Global oil and natural gas companies are ready for low prices in 2019, as they have positioned their portfolios accordingly, global energy research and consultancy group U.S.-based WoodMackenzie said in a statement Monday.
"Oil and gas companies can cope with whatever's thrown at them in 2019," Tom Ellacott, senior vice president, said in the statement.
"Portfolios are set to weather low prices, and the recent slide in prices justifies the sector’s conservative mindset. In our view, the commitment to capital discipline will not budge entering the new year," he added.
The price of international benchmark Brent crude fell from $84 a barrel on Oct. 4 to as low as $57.50 on Nov. 29. After OPEC, and its oil-producing allies including Russia, announced on Dec. 7 a curb to their total oil production by 1.2 million barrels per day (bpd), Brent rose to around $60 a barrel.
Meanwhile, the American benchmark West Texas Intermediate hovers around $51 a barrel, after plummeting from $76 per barrel at the beginning of October.
"If oil prices return to $70 per barrel or above, the cash windfall generated is huge and will inevitably drive sentiment back in favor of growth," Ellacott said.
- More U.S. shale expected in 2019
WoodMackenzie said U.S. tight oil, also known as shale oil, would be one of the most significant areas that will intake capital flow in 2019, adding that major oil companies will lead these investments.
"Permian mega-deals defined 2018, and we expect more in 2019," Angus Rodger, upstream research director, said in the statement.
"After spending nearly $35 billion on tight oil acquisitions in 2018, the super majors and bigger independents are serious about ensuring long-term success," he added.
Major oil companies are expected to drill longer with more capital efficient wells, according to WoodMackenzie, but this will also increase pressure on small oil firms to acquire new fields.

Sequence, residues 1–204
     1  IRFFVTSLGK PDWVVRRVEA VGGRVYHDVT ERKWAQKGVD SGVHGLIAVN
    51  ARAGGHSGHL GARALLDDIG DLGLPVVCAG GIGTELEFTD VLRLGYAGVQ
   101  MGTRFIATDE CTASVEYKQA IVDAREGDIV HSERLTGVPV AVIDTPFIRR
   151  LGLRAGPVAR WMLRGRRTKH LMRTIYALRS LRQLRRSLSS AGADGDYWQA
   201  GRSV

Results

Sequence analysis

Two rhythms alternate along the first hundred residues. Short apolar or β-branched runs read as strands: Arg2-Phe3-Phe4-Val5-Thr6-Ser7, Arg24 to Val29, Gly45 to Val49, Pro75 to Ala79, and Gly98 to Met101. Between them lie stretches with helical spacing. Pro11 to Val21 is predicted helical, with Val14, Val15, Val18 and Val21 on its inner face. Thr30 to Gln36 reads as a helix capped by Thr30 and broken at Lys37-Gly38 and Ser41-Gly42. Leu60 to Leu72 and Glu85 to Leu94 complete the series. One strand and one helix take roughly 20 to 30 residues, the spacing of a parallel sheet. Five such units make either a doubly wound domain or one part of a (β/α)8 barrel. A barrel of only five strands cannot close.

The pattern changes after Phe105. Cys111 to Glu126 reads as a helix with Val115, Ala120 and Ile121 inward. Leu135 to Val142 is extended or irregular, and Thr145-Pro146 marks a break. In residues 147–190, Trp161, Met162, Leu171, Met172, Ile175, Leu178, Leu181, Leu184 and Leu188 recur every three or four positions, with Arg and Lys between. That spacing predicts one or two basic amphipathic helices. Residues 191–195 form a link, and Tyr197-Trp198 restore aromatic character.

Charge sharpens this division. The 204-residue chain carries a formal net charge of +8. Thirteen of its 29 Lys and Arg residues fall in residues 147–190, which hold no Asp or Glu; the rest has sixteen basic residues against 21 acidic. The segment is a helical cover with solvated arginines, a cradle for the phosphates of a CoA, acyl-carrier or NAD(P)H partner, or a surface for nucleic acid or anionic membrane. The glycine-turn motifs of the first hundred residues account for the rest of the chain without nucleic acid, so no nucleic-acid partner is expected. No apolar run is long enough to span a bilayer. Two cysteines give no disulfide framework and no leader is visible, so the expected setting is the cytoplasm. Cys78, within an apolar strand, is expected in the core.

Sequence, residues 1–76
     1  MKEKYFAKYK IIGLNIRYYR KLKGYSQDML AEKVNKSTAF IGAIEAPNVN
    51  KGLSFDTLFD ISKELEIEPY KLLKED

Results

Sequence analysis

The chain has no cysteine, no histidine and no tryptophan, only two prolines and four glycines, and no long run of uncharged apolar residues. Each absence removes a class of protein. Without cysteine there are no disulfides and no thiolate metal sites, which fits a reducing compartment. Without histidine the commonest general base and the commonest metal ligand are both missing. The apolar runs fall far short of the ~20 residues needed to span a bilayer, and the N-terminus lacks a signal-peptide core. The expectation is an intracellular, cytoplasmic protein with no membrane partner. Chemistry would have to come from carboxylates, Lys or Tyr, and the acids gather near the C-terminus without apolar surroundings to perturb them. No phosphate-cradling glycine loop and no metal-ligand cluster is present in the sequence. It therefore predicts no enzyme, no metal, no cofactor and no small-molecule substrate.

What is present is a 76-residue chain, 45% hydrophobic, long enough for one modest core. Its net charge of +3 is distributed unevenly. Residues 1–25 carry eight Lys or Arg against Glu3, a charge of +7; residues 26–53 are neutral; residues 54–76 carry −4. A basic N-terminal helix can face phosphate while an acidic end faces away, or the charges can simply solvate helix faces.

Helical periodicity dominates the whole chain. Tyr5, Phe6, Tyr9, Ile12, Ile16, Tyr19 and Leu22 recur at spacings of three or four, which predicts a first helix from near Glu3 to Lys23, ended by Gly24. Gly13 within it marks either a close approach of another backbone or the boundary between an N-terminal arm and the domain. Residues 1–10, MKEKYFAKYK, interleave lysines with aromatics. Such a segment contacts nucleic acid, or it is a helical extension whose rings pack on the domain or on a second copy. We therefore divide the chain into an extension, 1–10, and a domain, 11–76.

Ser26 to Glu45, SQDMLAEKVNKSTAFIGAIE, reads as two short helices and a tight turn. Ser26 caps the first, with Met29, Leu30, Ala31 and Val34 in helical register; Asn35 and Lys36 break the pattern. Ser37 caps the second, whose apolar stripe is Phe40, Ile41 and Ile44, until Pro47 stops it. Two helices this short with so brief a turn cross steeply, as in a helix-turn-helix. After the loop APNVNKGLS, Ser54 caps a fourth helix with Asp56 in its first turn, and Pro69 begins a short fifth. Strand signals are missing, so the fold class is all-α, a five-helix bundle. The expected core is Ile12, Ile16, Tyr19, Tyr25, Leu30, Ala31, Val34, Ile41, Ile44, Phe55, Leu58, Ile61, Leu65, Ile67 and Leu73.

The Permian basin, the U.S.' most prolific shale play, has also come under pressure during 2018 as pipeline capacity in the basin has reached record high levels, leading some producers to bring their operations elsewhere until new capacity becomes operational in 2019.
WoodMackenzie said tight oil growth in the Permian basin would be around 650,000 bpd next year, compared to more than 1 million bpd in 2018, adding that new pipeline capacity is anticipated to come online in the third quarter of 2019.
- Competition for resources
In addition to oil, liquefied natural gas (LNG) will make headlines in the energy industry next year, according to WoodMackenzie.
Energy firms in 2019 will make final investment decisions in the Arctic LNG-2 in Russia, at least one project in Mozambique and three in the U.S., whose total capital investment will be over $50 billion, the statement said.
Project expansions in Qatar, Papua New Guinea and Nigeria could also get a nod next year, which could take total spending closer to $150 billion, it added.
"These are huge investments that will take time to deliver. This new phase of LNG development will be a real test of the industry’s improved project execution and cost management," Rodger said in a statement.
- 20 billion barrels up for grabs
Along with LNG, the biggest focus will be deepwater oil in Brazil and Guyana, WoodMackenzie said, adding that around 20 billion barrels of oil equivalent will be up for grabs globally, up from 15 billion barrels of oil equivalent in 2018.
Some other regions in 2019 will include Mexico, the U.S. Gulf of Mexico, Cyprus, South Africa and the Barents Sea in Norway, it added.
As for renewable energy, WoodMackenzie said investment in this sector would show just a small increase in 2019.
Major energy companies have allocated less than 3 percent of their budget to renewable energy since 2016, it said, adding that spending in that industry would nudge up in 2019, albeit not by much.
"Companies and investors will be wary of backing the wrong horse in new energy. It’s a sector they are still trying to understand," Ellacott said in the statement.
"Upstream will still account for the majority of capital investment in 2019," he concluded.
By Ovunc Kutlu